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Address by Secretary (East) at the Inaugural Session of National Seminar on ASEAN-India Maritime Transport Cooperation

January 31, 2014

Chairman RIS, ASEAN-India Centre and National Security Advisory Board (NSAB) Amb. Shyam Saran.
ASEAN Heads of Missions.
Coordinator of the ASEAN-India Centre Dr. Prabir De,
Ladies & Gentlemen

  • It gives me great pleasure to be with you today to discuss elements key to strengthening India's maritime connectivity with the ASEAN region. This is a vital element in the ASEAN-India connectivity agenda and would impact not just the volume of trade across our maritime routes but also support and strengthen land connectivity in the region. I commend the ASEAN India Centre for organizing this discussion and for putting together in this room some of the key stakeholders in India’s maritime transport infrastructure.
  • Connectivity is going to remain one of the foremost priorities in the ASEAN-India strategic partnership in the months ahead and it is important that we discuss, analyse and put together the various components that would help us to strengthen India's maritime transport capacities.
  • This is not a new item on our agenda. It has been part of our civilizational consciousness in the region. Maritime connectivity, in particular, has played a significant role in creating regional corridors for intellectual, cultural, trade and economic linkages over the centuries. It is today central to the ASEAN-India partnership for progress and prosperity. Equally importantly, it is also of relevance to the maintenance of peace and security in the region.
  • The fact that connectivity related issues continue to be pivotal to the agenda of the ASEAN-India partnership was illustrated in the over 60 events in 2012-13 to mark the ASEAN-India Commemorative Year, including the ASEAN-India Car Rally which was participated in by all 10 ASEAN countries, the INS Sudarshini Expedition to 9 ASEAN countries and the marker events that highlighted the cultural similarities and the business complementarities in our region.
  • Two major developments are lending even greater urgency to our connectivity agenda. One is the ASEAN march towards an ASEAN Community by 2015, which will consolidate a market of more than 600 million people and a combined GDP of USD 2.3 trillion. The second development is the consolidation of economic and commercial engagement between India and ASEAN through the FTA on Trade in Goods, which has been in place since 2009, and the FTA on Services and Investment which is expected to be signed in the coming months after ASEAN countries complete their internal processes for signature. This will integrate an economic space of 1.8 billion people and a GDP of over USD 3.7 trillion.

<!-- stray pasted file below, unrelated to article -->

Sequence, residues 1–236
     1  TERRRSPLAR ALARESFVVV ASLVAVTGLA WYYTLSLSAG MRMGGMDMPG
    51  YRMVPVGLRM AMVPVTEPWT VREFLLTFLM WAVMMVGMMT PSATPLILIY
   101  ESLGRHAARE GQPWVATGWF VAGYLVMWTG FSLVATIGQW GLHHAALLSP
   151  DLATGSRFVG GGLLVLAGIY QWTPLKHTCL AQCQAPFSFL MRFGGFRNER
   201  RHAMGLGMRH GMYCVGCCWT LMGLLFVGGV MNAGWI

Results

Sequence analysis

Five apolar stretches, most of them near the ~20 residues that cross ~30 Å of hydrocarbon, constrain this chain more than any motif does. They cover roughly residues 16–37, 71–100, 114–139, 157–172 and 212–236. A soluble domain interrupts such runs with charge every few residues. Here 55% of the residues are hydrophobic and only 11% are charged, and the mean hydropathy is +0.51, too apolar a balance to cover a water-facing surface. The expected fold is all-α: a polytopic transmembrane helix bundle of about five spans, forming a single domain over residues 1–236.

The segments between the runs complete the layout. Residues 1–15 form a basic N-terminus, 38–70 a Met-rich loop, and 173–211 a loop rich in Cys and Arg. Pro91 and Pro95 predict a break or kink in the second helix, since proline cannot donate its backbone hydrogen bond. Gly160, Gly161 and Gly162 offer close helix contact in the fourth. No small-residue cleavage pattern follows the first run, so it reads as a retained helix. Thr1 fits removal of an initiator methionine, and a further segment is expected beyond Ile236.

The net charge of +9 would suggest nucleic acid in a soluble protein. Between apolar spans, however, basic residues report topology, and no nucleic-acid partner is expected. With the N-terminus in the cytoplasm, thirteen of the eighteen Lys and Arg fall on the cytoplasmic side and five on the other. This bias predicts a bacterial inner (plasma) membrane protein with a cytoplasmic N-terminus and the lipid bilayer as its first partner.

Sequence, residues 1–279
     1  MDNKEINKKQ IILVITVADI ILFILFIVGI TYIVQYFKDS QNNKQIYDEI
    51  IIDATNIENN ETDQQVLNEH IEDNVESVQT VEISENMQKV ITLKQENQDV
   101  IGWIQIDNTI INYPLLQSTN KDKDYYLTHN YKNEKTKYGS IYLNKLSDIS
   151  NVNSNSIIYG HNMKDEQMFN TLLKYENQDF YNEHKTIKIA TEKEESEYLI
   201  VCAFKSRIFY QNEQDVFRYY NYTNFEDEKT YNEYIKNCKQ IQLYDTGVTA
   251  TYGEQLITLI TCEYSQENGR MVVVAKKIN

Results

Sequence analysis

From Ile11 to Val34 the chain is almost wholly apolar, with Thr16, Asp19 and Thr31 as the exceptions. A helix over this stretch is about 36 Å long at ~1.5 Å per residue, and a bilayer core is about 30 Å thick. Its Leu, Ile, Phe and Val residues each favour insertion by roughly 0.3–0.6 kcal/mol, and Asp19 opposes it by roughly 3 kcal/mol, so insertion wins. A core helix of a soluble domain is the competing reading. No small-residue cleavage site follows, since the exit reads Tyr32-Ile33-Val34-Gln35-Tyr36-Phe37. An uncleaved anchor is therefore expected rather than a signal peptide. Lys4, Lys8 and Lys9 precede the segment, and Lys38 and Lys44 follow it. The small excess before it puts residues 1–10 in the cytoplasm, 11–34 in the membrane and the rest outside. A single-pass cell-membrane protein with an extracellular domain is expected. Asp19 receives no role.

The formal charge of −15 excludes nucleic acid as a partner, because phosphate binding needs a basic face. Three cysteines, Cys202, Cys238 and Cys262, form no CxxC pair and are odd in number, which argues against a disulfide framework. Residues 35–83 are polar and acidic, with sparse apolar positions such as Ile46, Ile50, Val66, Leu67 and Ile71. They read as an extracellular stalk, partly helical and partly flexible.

• In the course of last year, India became the third partner country of the ASEAN, after China and Japan, to begin formal discussion on connectivity with the ASEAN Connectivity Coordinating Committee (ACCC). It is a reflection of the importance of this agenda both to ASEAN countries as also India that the ACCC, in an unprecedented manner, would be holding an informal inter-sessional meeting with India when it visits New Delhi in March 2014 for Delhi Dialogue VI.
  • We have also been participating in the ASEAN Maritime Transport Working Group Plus Meetings since 2012 and, following the 1st ACCC-India meeting in June 2013, we have requested Ministry of Shipping to establish a Joint Working Group on Maritime Connectivity to look into various aspects of promoting maritime connectivity. In particular, we need to find ways to assure trade volumes to sustain a shipping line connecting India, Myanmar, Thailand, Cambodia, Viet Nam.
  • The steady implementation of the India-Myanmar-Thailand Trilateral Highway has been very visible. But India is also meeting its commitment on developing the Sittwe Port in Myanmar, as part of the Kaladan Multimodal Transit Transport Project. In fact, I would urge that as we examine ways to strengthen maritime connectivity between ASEAN and India, we adopt an integrated multi-modal approach which explores the advantages, the linkages and the synergies between port infrastructure and the existing and upcoming road infrastructure in the region. This would also be relevant as the Government of India makes progress on creating a new entity to accelerate the building and up-gradation of strategic roads on our borders.